Mindsets ~ Differentiation

Good morning!  I am back today with chapter 3 from Mindsets in the Classroom!  I hope that you have been enjoying reading this as much as I have!  I am so excited to bring some of these practices into my classroom next year!!

I LOVED this chapter because it spoke to my heart!  I teach in a school with a variety of students just like everyone else, and I really strive to reach every student where they are.  I have different spelling lists for students, I try to instruct small groups in math to help them master skills they don't have, and we practice Daily 5 for our reading block.

This past year I didn't feel as if I did enough to help my lower kids because my class size was so much larger than I was used to, and I had a lot of students who had a lot of energy.  I'm really hoping to be able to tackle how I want this to look next year so I make sure that I can carve out that time to help ALL of my students succeed, and not just let the quicker students fly by and not be challenged.

This chapter opened with a quote that spoke to me!  "Deficit thinking is a practice of making assumptions about a child's ability based on perceived deficits or because of race, low-income status, English language acquisition, or a variety of other factors."  I teach at a very small school, so it is very easy to get to know some of the kids before they come to my classroom.  Often we hear from other teachers about how great a student is, or how challenging a student can be.  This quote explains why we shouldn't always listen to what others say about a student!  We may get along really well with a student just because our personalities click!  The next year the teacher may not have that same connection, so they may not be able to connect with that student.  It doesn't mean that all of a sudden the student isn't a good student any more, it just means that there isn't the same connection.  We can't judge our students based on what their previous teacher said.  We NEED to make our own evaluations, and really take the time to get to know our students!

This chapter spoke a lot about differentiation and what they will look like.  Each unit should begin with a preassessment.  This preassessment should not be just a true or false question test, because then you are not going to get a true understanding of what they know.  They could just take really good guesses, and then you'll never know what they really understood.  You can do this preassessment verbally as well!

After you administer these preassessments, it's then important to take the information and USE it!  You can't just give the preassessment and then go about teaching your lessons the same way you would have.  I know, I know, this means MORE WORK!  But guess what!?!  Isn't that why you got into teaching?  So that way you can reach your students!?  What good will it do our students if we just keep teaching the same way year after year!?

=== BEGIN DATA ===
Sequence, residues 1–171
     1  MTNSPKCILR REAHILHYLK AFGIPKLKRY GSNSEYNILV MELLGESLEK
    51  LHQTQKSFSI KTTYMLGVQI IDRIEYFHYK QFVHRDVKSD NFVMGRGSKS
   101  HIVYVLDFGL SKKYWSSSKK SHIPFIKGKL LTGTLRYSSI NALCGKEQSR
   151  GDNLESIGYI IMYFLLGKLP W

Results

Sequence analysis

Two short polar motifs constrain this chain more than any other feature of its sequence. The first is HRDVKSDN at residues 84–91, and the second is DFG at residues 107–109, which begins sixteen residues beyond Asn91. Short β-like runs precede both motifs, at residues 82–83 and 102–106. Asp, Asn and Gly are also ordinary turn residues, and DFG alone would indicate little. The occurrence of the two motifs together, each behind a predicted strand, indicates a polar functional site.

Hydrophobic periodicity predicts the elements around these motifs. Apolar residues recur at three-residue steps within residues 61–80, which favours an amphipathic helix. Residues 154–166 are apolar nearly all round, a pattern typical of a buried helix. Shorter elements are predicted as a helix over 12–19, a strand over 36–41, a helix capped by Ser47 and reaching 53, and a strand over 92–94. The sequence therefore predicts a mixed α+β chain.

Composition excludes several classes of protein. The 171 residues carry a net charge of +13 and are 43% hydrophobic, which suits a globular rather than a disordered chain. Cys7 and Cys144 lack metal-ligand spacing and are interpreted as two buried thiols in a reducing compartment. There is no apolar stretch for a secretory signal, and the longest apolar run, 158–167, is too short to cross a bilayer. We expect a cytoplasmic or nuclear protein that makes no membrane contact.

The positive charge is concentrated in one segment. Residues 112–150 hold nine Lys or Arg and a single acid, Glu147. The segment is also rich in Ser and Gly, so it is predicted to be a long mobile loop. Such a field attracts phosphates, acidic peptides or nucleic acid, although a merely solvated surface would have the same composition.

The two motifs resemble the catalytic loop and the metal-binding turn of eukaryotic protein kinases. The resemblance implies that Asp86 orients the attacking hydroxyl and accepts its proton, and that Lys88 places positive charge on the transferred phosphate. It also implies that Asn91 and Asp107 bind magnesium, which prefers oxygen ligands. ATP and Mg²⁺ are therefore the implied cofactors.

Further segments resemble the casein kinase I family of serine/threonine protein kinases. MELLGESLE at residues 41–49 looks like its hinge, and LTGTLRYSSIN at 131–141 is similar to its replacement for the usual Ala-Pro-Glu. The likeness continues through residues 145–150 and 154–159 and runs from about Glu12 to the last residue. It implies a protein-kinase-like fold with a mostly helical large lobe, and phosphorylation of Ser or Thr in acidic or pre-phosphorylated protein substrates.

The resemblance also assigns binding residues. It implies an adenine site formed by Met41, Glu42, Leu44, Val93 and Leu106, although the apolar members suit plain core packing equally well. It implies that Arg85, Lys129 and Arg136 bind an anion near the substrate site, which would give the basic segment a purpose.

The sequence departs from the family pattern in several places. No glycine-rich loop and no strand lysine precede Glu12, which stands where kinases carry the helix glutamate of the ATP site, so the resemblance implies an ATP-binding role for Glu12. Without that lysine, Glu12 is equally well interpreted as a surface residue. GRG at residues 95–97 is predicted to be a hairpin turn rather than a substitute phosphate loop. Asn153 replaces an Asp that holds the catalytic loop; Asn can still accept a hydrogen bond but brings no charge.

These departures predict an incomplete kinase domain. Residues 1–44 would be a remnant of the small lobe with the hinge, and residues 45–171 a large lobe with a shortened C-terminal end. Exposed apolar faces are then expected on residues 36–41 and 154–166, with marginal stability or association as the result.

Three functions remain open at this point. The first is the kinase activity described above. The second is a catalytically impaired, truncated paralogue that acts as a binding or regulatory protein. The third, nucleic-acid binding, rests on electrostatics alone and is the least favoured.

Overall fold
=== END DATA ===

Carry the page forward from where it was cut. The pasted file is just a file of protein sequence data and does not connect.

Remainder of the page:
Anchor activities are something new to me that I learned about this chapter.  "Anchors can also serve as an opportunity to enrich learning by going deeper into the subject area."  I love this, because then I can have my students who are already where they need to be work on something with more depth, while I can give my other students more one on one time to make sure they understand the concept.  This doesn't mean that they are doing "more" work, but instead are doing different work.

The final thing I took from this chapter is that ALL STUDENTS ARE SMART!!  We just need to figure out how we can let every student know that we believe they are smart, help them know they are smart, and then help them show us how smart they are!  Every student can be successful in your classroom!  We just need to give them opportunities to show us!

I LOVE these posters from Mel that she posted yesterday on Blog Hoppin'!  I hope that you enjoy them too!  They are perfect to show our students that we believe in them!

Make sure to check out Hello Sunshine Teachers for more insight on chapter 3!


  1. I loved how personally you connected to this awesome chapter -
    and thank you too for sharing the link to Mel's adorable posters!
    xo Pam

  2. Deficit thinking is a practice of making assumptions about a child's ability based on perceived deficits or because of race, low-income status, English language acquisition, or a variety of other factors." I loved what you said about this quote. I can't stand when class lists come out and teachers want to see your list and tell you which ones are great and which ones are trouble. I don't want to know that. Let me form my own opinion. Each year should be a new beginning for us and for our students. This is why having the whole school on board with growth mindset would be such a positive thing!
    The Blessed Teacher

  3. This really was an excellent chapter! So many ideas thrown at me at once which makes so glad to be doing a book study with it so it forces me to make note of all the great ideas. And I had NEVER heard of doing different spelling lists. This seems so interesting and I think will be really beneficial for my higher babies who I felt like I always neglected when planning our list.

  4. I love the idea about the anchor activists too. So powerful! Thank for the link to the posters too. They are great.

  5. This chapter spoke to me too! I'm so glad we chose this book for the book study!

  6. All of you make my heart smile when I read your comments---this is why I wrote this book--I want these practices to have a positive impact on educators and children. I have seen the difference these have made in the lives of many students-You guys are so insightful..so reflective of your own practices and beliefs...you are awesome!!


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